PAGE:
National Geographic : 1962 Sep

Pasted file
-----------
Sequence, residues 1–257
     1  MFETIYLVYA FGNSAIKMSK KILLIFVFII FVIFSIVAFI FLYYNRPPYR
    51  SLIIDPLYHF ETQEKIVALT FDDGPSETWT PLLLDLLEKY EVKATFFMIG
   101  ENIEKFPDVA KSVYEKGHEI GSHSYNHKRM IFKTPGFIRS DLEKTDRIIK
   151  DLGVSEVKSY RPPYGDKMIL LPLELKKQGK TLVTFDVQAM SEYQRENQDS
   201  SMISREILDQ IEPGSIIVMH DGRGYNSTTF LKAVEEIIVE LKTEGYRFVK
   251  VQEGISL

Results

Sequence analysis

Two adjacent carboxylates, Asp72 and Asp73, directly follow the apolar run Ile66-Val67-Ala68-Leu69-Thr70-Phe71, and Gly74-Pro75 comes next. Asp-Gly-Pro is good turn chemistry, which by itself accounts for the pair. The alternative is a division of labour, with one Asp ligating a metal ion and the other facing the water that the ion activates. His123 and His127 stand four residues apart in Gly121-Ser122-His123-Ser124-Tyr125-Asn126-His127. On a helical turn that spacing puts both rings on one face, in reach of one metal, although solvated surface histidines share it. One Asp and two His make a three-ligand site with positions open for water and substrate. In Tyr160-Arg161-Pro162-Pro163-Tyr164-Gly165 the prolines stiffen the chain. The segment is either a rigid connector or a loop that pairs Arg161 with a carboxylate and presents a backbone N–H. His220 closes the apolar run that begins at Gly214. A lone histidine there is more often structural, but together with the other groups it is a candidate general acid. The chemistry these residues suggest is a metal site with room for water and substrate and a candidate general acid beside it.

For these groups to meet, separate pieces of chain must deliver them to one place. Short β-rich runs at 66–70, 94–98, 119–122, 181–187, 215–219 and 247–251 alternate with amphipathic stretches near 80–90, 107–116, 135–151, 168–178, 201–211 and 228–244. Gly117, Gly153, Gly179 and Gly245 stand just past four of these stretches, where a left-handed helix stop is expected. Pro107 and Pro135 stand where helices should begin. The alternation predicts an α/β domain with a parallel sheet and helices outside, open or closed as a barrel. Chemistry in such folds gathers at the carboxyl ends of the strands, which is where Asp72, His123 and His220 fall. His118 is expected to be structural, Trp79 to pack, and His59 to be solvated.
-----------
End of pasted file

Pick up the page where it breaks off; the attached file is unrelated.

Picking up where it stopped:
reverently killed and ate their aged parents; the old people had wanted it that way. Joe said: "Believe me, we are making progress here." That night, at the SPI post where the Ouro Preto and the Pacais Novos Rivers meet, I stood before a hut in the moonlight. The mos quitoes didn't bite much any more. Cicadas chirped. The water shimmered, seeming to keep time with the insects. Several Pacaas Novos were there. The women made a fire and roasted corn. Both women and men chewed babagu nuts, to make hair oil. I said I had thought that the women did all the work. This set off a debate, and Joe was hard put to translate fast enough. Men: We make arrows and hunt and fish. We clear the fields for planting. Women: We do the planting. And we bring the wood. We grind the corn. We bake the bread. We cook. Men: We cut down trees to get honey. We bring agai fruit to make the cooling drink. Women: We make the cooling drink. We make baskets and mats for sleeping. And we bear the children. There was a silence. Then a man said: We kill the enemy. The debate was over. Life a Battle in the Northeast I next visited the Northeast, a seven-state region as big as Venezuela. One Brazilian in four lives there. The United States, under the Alliance for Progress for Latin America, is committed to spend 131 million dollars there in the next two years alone. First, the dry Northeast (map, page 314). When it rains, little moisture remains. You might say that 80 drops out of 100 evaporate. Sixteen run off in rivers. Only four soak into the soil. In some years it does not rain at all. Brazilians call it sertdo, the backlands or wil derness. An American soil scientist said, "In Arizona we call it desert." The sun is incessant, the soil sandy, the vegetation sparse and prickly. There are spiny shrubs, and cactuses like huge sau sages, with 6-inch spikes. Here rides the vaqueiro, the Northeastern cowboy, clad in leather from hat to spurs, his horse in leather too. As the drought deepens, he burns the needles from cactus. Cows and steers eat what's left while it still smolders. "Some starve before they get sick," a va queiro said. "Some get sick before they starve to death." (Continued on page 345) 338 "Break with Cuba," cries the poster on a street side pillar in downtown Rio. "More than 1,000 executed in two years," says the caption above the firing squad. Brazil, like the rest of Latin America, finds Cuba a controversial issue. Farmers Air Their Ills in the Northeast, Brazil's Land of Hunger and Unrest More populous than Peru, larger than all Cen tral America, the blighted Northeastern bulge of Brazil is depressed and underdeveloped. Many of its 15 million inhabitants live in pov erty. In 1955 the first peasant league met at Galileia to seek land-reform laws. Today the leagues claim thousands of members. The Unit ed States, working with Brazil through the Al liance for Progress, has designated the North east a high-priority area for development funds. Jose Francisco de Souza, leader of the Galileia League, conducts this meeting. Decorations re main from a festival.